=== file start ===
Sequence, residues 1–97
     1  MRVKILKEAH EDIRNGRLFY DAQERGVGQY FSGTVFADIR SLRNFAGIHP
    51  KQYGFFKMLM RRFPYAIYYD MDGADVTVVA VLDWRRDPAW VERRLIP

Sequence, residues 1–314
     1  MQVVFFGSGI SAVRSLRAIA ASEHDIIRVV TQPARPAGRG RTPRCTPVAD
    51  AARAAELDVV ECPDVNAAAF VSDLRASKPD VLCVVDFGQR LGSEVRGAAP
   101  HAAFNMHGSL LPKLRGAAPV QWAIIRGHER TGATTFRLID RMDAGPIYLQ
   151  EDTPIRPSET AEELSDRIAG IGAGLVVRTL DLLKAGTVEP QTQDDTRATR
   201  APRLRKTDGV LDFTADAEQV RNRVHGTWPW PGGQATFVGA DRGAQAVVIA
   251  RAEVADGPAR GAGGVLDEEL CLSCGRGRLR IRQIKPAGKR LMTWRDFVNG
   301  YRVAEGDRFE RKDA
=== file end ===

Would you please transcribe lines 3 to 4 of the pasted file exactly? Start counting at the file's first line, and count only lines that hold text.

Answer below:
    51  KQYGFFKMLM RRFPYAIYYD MDGADVTVVA VLDWRRDPAW VERRLIP

Sequence, residues 1–314